Like a lot of people, I can sometimes find this time of year in the garden a little sad.
The optimism of seeding in Spring which turns to the realism and hard work of Summer (countered, hopefully, by lots of lovely, homegrown food!) are over till next year. So I decided to approach things differently this year. I have planted a huge amount of Winter Cabbages, Cauliflowers, Chard and Kale to fill up the empty beds. As I’m not expecting them to survive anything will be a bonus.
It’s more like a science project than gardening.
The sun is shining but its time to think ahead as all good gardeners do!
Think about your winter veg, its now time to sow your winter cabbages, we’ve got ours already germinating in our lovely sunny green house. These young plants will then be potted on and ready for planting out mid to late August.
They will benefit from the late summer sun (if available) and establish their root structure in good time.
Done some research on our random flowering rhubarb, apparently it’s because the plant is old. Which makes sense as we found the plant on the plot when we took it over when it popped up out of one of our paths.
I’ve now removed the flower stem as all the plants energy will go into the flower and so limit the yield from the leaves/stalks.
Made some rhubarb jam the other night which is great, recommend it on fresh bread or thick cut toast with butter!!
Our Flowering Rhubarb!
I’ve never really heard of a flowering rhubarb before but it appears thats what is happening to ours! We discovered the plant in our first spring which popped up out of the ground from a previous holder of the allotment.
We didn’t take any of the stalks off last growing season to give it a chance to develop. So far this year it has started early and is growing really well…
A little too well though as it has now sprouted a 3 foot stem with what appear to be flower buds at the top as you can see from the pic.
To net or not to net – that is the question.
The cabbages and broccoli are doing well, we grew them from seed and planted them in with some good compost. We decided to build a netting cage over them to protect them for butterfly eggs and a hoard of caterpillars!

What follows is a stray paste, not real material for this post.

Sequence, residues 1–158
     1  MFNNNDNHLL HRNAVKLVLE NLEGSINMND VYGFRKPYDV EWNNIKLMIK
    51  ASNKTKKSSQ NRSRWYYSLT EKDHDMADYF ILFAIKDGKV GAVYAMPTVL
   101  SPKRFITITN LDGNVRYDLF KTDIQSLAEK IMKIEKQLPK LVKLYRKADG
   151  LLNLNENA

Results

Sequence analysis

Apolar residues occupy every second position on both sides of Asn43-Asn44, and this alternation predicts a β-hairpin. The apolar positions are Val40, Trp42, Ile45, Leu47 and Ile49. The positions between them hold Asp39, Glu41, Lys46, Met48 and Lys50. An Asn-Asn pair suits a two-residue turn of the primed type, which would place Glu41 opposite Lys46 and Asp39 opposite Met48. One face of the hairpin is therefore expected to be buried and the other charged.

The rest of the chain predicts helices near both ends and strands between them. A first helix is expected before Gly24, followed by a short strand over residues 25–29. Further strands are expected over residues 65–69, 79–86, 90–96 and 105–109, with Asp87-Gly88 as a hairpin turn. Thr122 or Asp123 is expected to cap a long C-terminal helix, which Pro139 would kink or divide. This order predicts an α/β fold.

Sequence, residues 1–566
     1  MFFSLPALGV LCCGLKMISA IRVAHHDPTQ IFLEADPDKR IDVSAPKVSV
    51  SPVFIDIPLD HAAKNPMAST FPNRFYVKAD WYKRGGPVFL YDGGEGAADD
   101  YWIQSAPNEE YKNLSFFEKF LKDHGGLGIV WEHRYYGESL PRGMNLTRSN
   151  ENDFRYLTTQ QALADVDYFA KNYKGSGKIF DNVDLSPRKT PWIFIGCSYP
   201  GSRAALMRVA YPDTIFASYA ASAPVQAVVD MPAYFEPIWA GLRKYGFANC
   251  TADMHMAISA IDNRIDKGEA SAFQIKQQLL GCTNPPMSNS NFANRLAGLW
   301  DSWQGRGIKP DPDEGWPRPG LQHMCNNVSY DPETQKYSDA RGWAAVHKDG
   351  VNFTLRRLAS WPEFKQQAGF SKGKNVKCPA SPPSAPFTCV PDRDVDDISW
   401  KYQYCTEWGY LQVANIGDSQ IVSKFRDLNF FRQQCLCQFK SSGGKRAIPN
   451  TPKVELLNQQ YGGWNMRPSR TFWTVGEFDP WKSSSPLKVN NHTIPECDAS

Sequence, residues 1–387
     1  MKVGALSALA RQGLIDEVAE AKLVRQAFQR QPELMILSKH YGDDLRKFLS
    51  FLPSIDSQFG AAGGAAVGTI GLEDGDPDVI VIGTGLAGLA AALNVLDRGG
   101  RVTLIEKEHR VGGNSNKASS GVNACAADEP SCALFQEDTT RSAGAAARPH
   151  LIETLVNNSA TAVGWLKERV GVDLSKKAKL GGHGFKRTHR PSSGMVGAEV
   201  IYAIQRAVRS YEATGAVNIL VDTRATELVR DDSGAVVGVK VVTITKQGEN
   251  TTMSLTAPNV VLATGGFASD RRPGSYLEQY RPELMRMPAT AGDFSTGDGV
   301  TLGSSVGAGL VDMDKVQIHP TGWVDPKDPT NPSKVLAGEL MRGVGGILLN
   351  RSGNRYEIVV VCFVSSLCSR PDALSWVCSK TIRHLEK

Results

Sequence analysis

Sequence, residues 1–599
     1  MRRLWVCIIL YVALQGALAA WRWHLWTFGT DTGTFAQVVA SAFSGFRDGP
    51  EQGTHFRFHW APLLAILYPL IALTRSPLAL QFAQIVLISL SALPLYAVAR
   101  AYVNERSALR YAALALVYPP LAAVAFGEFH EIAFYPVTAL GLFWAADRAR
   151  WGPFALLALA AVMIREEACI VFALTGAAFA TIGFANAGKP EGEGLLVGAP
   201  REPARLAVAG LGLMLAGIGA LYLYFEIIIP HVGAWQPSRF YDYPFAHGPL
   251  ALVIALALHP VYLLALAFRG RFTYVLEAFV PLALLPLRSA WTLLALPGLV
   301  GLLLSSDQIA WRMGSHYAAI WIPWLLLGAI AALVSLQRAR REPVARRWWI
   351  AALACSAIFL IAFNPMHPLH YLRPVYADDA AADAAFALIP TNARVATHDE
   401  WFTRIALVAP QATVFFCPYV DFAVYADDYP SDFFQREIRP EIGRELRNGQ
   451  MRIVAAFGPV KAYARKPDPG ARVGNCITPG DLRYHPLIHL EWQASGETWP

It was a good move as they are now thriving in their cage. Strangely one or two are showing signs of being eaten but the its only the outer leaves that have been attacked whilst the heart is doing well.
Thats what I like to see!!
We’re thinking about putting in a few fruit bushes in on the plot. These will good for a fairly low maintenance fruit crop for a few years, all we’ll need to do is to feed and care for them. Isn’t nature great! Now that’s what I call food for free!!
We’ve had a bumper crop of courgettes over the last few months, we got so many that we couldn’t give them away in the end. All the stops came out with creative courgette recipes to use them up, “Courgette Surprise” was my favourite dish!
But we’ve also managed to process and freeze loads which can be used for cooking over the winter period. They go well with a nice Sunday roast, just throw them into the roasting tray, still frozen, when you put your Yorkshire puds in.
The plot was a blank canvas when we started digging and putting in the beds at the end of November last year. Around mid spring we noticed a Rhubarb plant which appeared in one of our pathways. Totally unexpected!! But very welcome!
So we’ve nurtured and feed the new comer and now its doing well having produced a healthy crop which will mostly go into the wine making. Its also a reminder of what the plot was like before we got there and it’s very nice to give the plant a new lease of life.
Just to prove I haven’t just been sitting drinking tea here is the first design for the plot. What could possibly go wrong with such well thought out plans as “grow stuff” and “grow tasty veg”?
After all this sitting and looking at the plot I have come up with the first stage design which I am sure will change but for now gives me something to work towards.
I have decided not to dig up the whole space but to opt for 6 separate beds with a working area at the top and an area at the the bottom for compost bins. This design means that I can define the growing areas more easily and have pathways inbetween.
Having paths allows better access to the growing spaces without having to walk over the soil. It also means that if there is ever a time when I have nothing better to do I can grass seed them a little at a time but still have full access to the more important vegetable patches.
As much as I’m in this for the food I still want my plot to look good!